Four papers accepted at the Hawaii International Conference on System Sciences (HICSS) 2023
(13.09.2022) Four papers of the cii research group have been accepted for publication at the 56th Hawaii International Conference on System Sciences (HICSS), which will take place in Maui, Hawaii in January 3-6, 2023.
- Authors: Maximilian Renner, Sebastian Lins, Matthias Söllner, Sirkka L. Jarvenpaa, Ali Sunyaev
Title: Artificial Intelligence-Driven Convergence and its Moderating Effect on Multi-Source Trust Transfer
Abstract: We witness AI-driven convergence, whereas new converged products emerge from the interplay of embedding artificial intelligence (AI) in existing technologies. Trust transfer theory provides an excellent opportunity to deepen prevailing discussions about trust in such converged products. However, AI-driven convergence challenges existing theoretical assumptions. The context-specific interplay of multiple trust sources may affect users’ trust transfer and the predominance of trust sources. We contextualized AI-driven convergence and investigated its impact on multi-source trust transfer. We conducted semi-structured interviews with 25 participants in the context of autonomous vehicles. Our results indicate that users’ perceived source control, perceived source accessibility, and perceived value creation share of the sources may moderate users’ trust transfer. We contribute to research by contextualizing convergence in AI and revealing the impact of AI-driven convergence on trust transfer and the importance of trust as a dynamic construct.
- Authors: Shanshan Hu, Aylin Usta, Manuel Schmidt-Kraepelin, Simon Warsinsky, Scott Thiebes, Ali Sunyaev
Title: Be Mindful of User Preferences: An Explorative Study on Game Design Elements in Mindfulness Applications
Abstract: Mindfulness practices are valuable exercises for physical and mental health. Various digital applications exist that support individuals in practicing mindfulness. Following the trend of gamifying utilitarian systems, many mindfulness applications (MAs) incorporate game design elements (GDEs). However, little is known about users’ GDE preferences in this unique context. In line with extant research that investigated users’ GDE preferences in other contexts, we conducted an online survey among 168 potential users of MAs. The results indicate that users generally prefer progress, levels, and goals in MAs, while leaderboards and avatars are not highly rated. Furthermore, we identified four context-independent and three context-dependent rationales that help explain users’ GDE preferences. By providing first insights into MAs as a peculiar application context for gamification, our work contributes to advancing knowledge of contextual differences in users’ GDE preferences while challenging the extant research assumptions regarding the dominance of contextual factors in forming user preferences.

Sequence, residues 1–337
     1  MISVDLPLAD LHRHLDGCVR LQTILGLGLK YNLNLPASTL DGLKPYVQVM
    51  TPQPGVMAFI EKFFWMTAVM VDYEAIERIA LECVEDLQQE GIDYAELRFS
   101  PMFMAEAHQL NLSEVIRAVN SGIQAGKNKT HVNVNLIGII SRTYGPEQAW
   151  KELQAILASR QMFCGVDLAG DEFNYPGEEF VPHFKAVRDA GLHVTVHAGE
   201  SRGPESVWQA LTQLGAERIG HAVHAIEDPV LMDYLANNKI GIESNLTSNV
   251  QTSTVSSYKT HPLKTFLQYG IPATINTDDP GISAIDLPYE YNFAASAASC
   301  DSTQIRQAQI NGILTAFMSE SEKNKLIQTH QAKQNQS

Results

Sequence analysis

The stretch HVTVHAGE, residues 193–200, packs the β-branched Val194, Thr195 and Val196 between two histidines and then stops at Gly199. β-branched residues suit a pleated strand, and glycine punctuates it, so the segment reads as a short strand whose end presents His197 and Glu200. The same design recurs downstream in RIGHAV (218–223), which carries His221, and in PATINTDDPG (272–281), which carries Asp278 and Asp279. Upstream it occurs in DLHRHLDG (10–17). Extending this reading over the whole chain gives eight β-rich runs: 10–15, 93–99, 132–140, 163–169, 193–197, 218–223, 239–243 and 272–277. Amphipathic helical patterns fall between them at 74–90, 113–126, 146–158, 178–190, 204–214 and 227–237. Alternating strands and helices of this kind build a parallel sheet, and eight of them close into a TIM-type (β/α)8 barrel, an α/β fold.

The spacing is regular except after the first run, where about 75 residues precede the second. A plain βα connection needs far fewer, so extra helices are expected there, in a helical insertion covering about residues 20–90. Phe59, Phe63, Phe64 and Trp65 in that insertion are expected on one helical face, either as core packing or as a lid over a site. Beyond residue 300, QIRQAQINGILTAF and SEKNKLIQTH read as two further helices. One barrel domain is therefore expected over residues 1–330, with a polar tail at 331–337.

- Authors: Kathrin Brecker, Sebastian Lins, Ali Sunyaev
Title: Why it Remains Challenging to Assess Artificial Intelligence
Abstract: Artificial Intelligence (AI) assessment to mitigate risks arising from biased, unreliable, or regulatory non-compliant systems remains an open challenge for researchers, policymakers, and organizations across industries. Due to the scattered nature of research on AI across disciplines, there is a lack of overview on the challenges that need to be overcome to move AI assessment forward. In this study, we synthesize existing research on AI assessment applying a descriptive literature review. Our study reveals seven challenges along three main categories: ethical implications, regulatory gaps, and socio-technical limitations. This study contributes to a better understanding of the challenges in AI assessment so that AI researchers and practitioners can resolve these challenges to move AI assessment forward.
- Authors: Florian Leiser, Simon Warsinsky, Marie Daum, Manuel Schmidt-Kraepelin, Scott Thiebes, Martin Wagner, Ali Sunyaev
Title: Understanding the Role of Expert Intuition in Medical Image Annotation: A Cognitive Task Analysis Approach
Abstract: To improve contemporary machine learning (ML) models, research is increasingly looking at tapping in and incorporating the knowledge of domain experts. However, expert knowledge often relies on intuition, which is difficult to formalize for incorporation into ML models. Against this backdrop, we investigate the role of intuition in the context of expert medical image annotation. We apply a cognitive task analysis approach, where we observe and interview six expert medical image annotators to gain insights into pertinent decision cues and the role of intuition during annotation. Our results show that intuition plays an important role in various steps of the medical image annotation process, particularly in the appraisals of very easy or very difficult images, and in case purely cognitive appraisals remain inconclusive. Overall, we contribute to a better understanding of expert intuition in medical image annotation and provide possible interfaces to incorporate said intuition into ML models.